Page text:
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Large Discrepancy between the Verbal Comprehension and the Perceptual Reasoning Index on the WISC IV

By Inderbir Kaur Sandhu, Ph.D


Q: Thank you for the very informative website. My 9 year and 11 month old son recently took a psychoeducational assessment and the results came out to be quite uneven. For instance, in the WISC IV, he scored a VCI of 152 and PRI of 115, WMI of 135 and Processing Speed of 106. Due to the 37 points difference in VCI and PRI score, an FSIQ score was not derived.

They also did the WC III test and the results are as follows:

  • Visual-Spatial Thinking 109 (Spacial Relation 117/Pic Recognition 98)

  • Processing Speed 121 (Visual Matching 121/Decision Speed 116)

  • Long-term Retrieval 108 (V-A Learning 111/V-A Delayed 109/Retrieval Fluency 95

  • Phonemic Awareness 112 (Sound Blending 116/Incomplete Words 99)

  • Auditory Processing 122 (Sound Blending 116/Auditory Attention 119)

  • Working Memory 144 (Numbers Reverse 152/Auditory WM 120)

In the WIAT-III, he scored:-
Reading 123
Math 144
Language 136

In WJ-III Tests of Achievement, he scored:- Academic Fluency 154 Broad Written Language 141

Due to the social skill problems reported by the school, the assessor opined he has Asperger Syndrome.

Based on the achievement tests taken, he does not appear to have a major learning disability. Is the big discrepancy between the WISC-IV VCI and PRI score a concern? Can we tell if he is gifted based on these test results and he tends to be quite bored at school? Grateful if you can share your insights. Many thanks in advance.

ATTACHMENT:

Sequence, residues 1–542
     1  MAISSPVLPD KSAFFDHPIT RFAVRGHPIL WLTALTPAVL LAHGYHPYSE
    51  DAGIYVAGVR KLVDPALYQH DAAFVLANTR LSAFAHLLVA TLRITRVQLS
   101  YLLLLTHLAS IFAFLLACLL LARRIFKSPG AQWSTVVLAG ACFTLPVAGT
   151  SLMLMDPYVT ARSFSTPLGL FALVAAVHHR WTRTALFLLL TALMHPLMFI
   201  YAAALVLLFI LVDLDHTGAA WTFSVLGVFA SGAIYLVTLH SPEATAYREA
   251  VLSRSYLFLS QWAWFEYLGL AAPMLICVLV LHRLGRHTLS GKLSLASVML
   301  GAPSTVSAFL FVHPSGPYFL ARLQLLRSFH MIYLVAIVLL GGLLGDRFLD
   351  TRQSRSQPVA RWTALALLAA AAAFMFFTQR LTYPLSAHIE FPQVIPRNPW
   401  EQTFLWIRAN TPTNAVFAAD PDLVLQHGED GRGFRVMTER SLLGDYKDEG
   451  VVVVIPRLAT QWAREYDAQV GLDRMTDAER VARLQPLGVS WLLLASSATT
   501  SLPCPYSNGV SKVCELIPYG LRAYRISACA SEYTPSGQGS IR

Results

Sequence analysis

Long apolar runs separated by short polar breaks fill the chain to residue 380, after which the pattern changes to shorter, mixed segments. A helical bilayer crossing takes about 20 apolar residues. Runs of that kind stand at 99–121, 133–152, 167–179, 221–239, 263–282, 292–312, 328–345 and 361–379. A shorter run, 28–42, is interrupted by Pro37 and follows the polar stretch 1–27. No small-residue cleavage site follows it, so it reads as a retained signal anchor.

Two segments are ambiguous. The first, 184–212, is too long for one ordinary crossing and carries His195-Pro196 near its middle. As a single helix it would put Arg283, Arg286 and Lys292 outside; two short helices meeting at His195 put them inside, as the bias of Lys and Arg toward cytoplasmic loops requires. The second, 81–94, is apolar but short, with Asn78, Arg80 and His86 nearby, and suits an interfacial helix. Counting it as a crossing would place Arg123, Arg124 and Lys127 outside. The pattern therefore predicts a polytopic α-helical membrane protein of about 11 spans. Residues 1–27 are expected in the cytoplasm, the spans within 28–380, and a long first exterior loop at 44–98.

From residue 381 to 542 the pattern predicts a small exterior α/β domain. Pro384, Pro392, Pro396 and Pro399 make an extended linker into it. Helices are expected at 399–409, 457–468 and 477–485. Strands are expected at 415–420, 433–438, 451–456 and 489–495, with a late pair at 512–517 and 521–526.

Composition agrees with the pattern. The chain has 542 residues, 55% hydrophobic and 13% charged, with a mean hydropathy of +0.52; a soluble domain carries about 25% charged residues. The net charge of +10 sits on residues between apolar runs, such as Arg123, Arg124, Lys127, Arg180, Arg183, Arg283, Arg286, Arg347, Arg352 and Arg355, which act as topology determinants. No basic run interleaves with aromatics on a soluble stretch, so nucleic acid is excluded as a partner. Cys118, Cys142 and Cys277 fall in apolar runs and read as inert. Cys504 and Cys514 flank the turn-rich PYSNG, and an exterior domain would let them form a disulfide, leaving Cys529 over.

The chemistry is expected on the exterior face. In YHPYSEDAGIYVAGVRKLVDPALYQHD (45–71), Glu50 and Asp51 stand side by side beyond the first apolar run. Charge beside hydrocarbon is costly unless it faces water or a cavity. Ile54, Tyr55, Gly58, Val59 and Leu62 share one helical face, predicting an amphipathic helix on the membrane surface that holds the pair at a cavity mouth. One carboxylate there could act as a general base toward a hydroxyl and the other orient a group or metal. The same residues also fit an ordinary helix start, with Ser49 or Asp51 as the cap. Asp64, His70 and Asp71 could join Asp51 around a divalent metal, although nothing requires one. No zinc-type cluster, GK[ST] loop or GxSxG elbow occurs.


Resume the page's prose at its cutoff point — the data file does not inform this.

A: The results surely indicate a rather mixed score which makes it difficult for determination and selection purposes. What is obvious is that his scores are definitely way higher than his peers, especially for VCI and WMI. It is also true (based on research) that the VCI is the best measure of giftedness. So, simply answered, yes, your son's score is definitely in the gifted range.

It is hard to determine any learning disability without further testing but based on the WISC IV alone, it does not appear to be the case since his PRI and PSI, although did not hit the mark for the average gifted child, the scores are very close to the borderline index. There is an underlying concern here, but it hard to pinpoint exactly what it may be unless perhaps he is seen by a professional and diagnosed based on a few tests.

The FSIQ can only be interpreted if it represents a unitary construct of cognitive abilities and in your son's case, due to the large gap, the FSIQ is not unitary, hence the focus on subtests scores. I am not sure if the scores suggest Asperger's Syndrome but a neurological issue may be a possibility especially as since the assessor suggested this which is probably based on reports and observation. This needs to be further clarified.

I'm afraid I can only suggest so much as I believe there is much more to this and your son needs to undergo other tests to rule out some concerns. I do think there is concern for such a huge gap between the VCI and PRI. Please seek further help.

Good luck and wishing you all the best..


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